DISCUSSION

Inhalation burn injuries are well-known to be quaternary blast injuries [3]. In this case, the patient’s leg was amputated as the primary injury, and he had burn injuries at multiple sites as quaternary injuries. We should suspect an inhalation injury if a patient has respiratory symptoms such as stridor, wheezing, difficulty breathing, smoke debris or burn around the face, and a sooty nose, especially, in situations related to fires. Inhalation injuries are classified into three subtypes according to the anatomic site: the upper airway, the lower airway and lung parenchyme, and metabolic asphyxiation [1]. Upper airway injuries are usually caused by thermal burns from heat transfer, lower airway and lung parenchymal injuries develop from chemical and particulate irritants, and metabolic asphyxia is due to carbon monoxide and cyanide. In this case, with confirmation of the injury in the larynx and upper airway, we suspected that the cause of the inhalation injury was a thermal burn from heat transfer. We did not consider antidotes for metabolic asphyxiation in this patient because the injury occurred in an open space where cyanide is usually not problematic [4].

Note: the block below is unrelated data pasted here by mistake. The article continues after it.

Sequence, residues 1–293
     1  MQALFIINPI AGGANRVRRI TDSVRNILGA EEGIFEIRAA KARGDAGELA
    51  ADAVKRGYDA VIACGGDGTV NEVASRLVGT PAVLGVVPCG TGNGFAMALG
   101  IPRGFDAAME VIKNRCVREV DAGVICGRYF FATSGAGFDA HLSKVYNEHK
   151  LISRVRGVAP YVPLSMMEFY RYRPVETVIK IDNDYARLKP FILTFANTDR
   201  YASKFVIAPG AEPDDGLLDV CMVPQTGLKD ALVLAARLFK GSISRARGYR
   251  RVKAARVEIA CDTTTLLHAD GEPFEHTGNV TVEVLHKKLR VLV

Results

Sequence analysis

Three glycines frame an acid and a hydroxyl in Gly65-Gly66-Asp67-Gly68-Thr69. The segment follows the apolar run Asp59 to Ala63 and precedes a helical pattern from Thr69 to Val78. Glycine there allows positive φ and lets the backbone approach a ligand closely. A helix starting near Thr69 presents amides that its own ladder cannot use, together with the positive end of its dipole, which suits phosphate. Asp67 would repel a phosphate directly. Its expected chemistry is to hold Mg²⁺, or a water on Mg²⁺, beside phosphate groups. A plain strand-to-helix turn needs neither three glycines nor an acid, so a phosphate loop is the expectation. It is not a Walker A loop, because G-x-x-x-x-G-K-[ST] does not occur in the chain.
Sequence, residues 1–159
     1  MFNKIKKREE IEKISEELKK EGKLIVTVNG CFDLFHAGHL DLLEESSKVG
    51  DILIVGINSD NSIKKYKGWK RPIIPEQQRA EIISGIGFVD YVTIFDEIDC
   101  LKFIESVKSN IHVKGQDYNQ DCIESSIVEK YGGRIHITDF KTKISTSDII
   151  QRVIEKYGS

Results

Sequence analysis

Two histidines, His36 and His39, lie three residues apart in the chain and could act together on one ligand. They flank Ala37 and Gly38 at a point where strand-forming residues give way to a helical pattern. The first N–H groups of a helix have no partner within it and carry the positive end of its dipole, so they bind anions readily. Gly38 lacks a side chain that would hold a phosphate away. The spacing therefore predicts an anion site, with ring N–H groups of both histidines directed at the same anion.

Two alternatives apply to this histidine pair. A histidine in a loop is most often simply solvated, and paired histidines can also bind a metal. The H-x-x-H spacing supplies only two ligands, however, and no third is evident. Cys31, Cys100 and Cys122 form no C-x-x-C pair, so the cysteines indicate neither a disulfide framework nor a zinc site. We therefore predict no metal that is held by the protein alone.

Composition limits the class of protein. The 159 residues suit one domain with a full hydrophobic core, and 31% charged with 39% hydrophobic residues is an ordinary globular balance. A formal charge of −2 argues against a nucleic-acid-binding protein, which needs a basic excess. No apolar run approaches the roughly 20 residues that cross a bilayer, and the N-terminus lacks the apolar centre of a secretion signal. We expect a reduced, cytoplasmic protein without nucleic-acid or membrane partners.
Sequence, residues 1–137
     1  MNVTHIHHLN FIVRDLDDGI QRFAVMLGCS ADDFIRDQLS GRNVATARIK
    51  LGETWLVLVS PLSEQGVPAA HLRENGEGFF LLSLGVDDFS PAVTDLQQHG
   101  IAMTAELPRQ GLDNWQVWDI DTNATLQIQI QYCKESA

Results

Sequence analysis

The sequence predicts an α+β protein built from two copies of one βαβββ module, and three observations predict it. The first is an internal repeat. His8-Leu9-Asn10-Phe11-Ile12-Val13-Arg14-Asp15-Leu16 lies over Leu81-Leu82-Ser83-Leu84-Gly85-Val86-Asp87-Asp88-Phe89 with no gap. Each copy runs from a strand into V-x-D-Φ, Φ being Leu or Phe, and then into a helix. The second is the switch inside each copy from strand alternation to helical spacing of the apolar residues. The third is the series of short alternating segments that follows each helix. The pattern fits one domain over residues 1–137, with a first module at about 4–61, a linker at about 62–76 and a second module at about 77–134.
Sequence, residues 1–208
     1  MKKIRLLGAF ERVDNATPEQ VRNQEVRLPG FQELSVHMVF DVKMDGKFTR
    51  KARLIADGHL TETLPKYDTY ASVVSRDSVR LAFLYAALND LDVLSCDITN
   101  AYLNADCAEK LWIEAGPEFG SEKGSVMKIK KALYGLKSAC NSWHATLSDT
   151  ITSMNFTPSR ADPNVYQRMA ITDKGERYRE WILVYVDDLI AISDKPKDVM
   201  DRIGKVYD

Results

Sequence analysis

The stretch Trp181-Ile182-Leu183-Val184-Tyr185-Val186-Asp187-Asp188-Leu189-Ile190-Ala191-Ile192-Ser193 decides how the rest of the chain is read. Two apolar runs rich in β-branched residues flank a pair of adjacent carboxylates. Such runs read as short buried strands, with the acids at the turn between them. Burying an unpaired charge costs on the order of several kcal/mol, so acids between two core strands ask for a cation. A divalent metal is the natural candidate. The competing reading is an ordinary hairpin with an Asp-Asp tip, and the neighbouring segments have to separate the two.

Inhalation injury can lead to the development of severe airway obstruction. A steam or chemical injury from the supraglottic area to the tracheobronchial tree and lung cause constriction due to the inflammatory cascade. The most important aspect of treating inhalation injuries in trauma bay is airway management. Eckert et al. [5] reported that inhalation injury led to progressive airway symptoms within 12 hours and that the majority of symptoms occurred between 6 and 12 hours after injury. He and his colleagues argued that physicians should be ready for emergent airway management for at least 18 hours, even in blast injury patients with limited severity. To prevent progression of the obstruction, we can consider some medications such as aerosolized heparin, epinephrine, N-acetylcysteine, or beta-2 agonists [6]. In the present case, we used aerosolized heparin/N-acetylcysteine, including heparin 10,000 IU, which is known for its safety and absence of an effect on coagulation parameters [7].